I garden here in Chicago and my favorite and by far most successful flowers are Morning Glory and Cosmos. Both grow very quickly from cheap seeds available almost anywhere. The Cosmos are especially hardy would probably grow in asphalt and cigar butts.


Help me beautify my front yard.
posted by desjardins

posted by applemeat at 9:12 AM on May 14, 2009 [1 favorite]

Do you do any cooking? Basil and Rosemary are great potted plants. Just keep them trimmed back.
posted by Thorzdad at 9:20 AM on May 14, 2009

You must be getting some sun in that area if the snaps are doing well! For your part shade area, I recommend looking into nasturtiums. There are many varieties that do well in part shade, and they're absolutely gorgeous. You can buy varieties that tend to climb around the garden bed, filling in empty spots, or ones that stay quite compact and bushy. They are extremely easy to grow from seed. In fact, I think they're perfect for beginners because the seeds are so large and easy to spot, and they tend to germinate well. You can find the seeds in any home improvement store. Here are a couple examples. They're edible, too!
posted by theantikitty at 9:25 AM on May 14, 2009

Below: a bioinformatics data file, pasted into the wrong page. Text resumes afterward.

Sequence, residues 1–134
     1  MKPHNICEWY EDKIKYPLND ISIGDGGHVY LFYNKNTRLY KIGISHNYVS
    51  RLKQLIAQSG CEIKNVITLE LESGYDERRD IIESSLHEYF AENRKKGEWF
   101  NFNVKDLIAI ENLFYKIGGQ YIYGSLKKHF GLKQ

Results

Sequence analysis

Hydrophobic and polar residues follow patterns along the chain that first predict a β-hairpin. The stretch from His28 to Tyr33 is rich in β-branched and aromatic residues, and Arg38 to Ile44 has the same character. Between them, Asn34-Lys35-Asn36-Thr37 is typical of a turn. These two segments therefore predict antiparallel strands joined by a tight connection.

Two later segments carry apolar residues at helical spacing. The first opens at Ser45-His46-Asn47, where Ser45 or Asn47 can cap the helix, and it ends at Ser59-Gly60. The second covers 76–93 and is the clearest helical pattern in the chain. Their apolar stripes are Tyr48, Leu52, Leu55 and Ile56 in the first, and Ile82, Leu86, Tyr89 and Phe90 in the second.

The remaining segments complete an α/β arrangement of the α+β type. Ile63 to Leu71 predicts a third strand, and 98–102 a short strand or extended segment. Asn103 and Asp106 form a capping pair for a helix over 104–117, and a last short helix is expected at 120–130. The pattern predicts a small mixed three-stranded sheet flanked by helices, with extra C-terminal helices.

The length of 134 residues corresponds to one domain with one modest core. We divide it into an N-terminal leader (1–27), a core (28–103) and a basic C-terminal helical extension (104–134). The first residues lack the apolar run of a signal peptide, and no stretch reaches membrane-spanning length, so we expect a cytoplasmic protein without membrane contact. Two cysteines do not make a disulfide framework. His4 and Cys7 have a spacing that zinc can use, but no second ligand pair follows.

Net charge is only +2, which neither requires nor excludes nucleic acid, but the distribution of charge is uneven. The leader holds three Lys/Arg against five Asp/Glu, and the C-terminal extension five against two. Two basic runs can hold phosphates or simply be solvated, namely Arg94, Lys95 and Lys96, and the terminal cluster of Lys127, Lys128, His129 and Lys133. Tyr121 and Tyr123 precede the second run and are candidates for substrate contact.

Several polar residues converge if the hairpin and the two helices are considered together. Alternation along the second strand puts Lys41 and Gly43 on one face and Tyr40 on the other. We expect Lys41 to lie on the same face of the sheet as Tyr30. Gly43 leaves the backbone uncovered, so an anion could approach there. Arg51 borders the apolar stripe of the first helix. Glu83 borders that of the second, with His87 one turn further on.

Response by poster: eponysterical.

ha, I didn't even think of that.
posted by desjardins at 9:25 AM on May 14, 2009

Dwarf Marigolds - cheerful and easy
Petunias - masses of color, also easy
Impatiens - grow in shade, colorful, easy
Nasturtiums are colorful, and will trail over the side. Easy from seed or plants. Edible. I really like them.
Cherry tomatoes - need sun & fertilizer. It's nice to pick a few fresh cherry tomatoes every day
Lettuces- grow your own arugula, or loose leaf lettuce. Easy-peasy.
Herbs - Parsley is way easy from seed. Rosemary and sage from plants. Fresh basil from seed or plants, mmmmm.

Yard. Hosta and impatiens do fine in the shade. Probably not worth planting hosta for 1 year. You can get more pots, grow sun-loving plants on the steps, and put the pots in the yard for parties.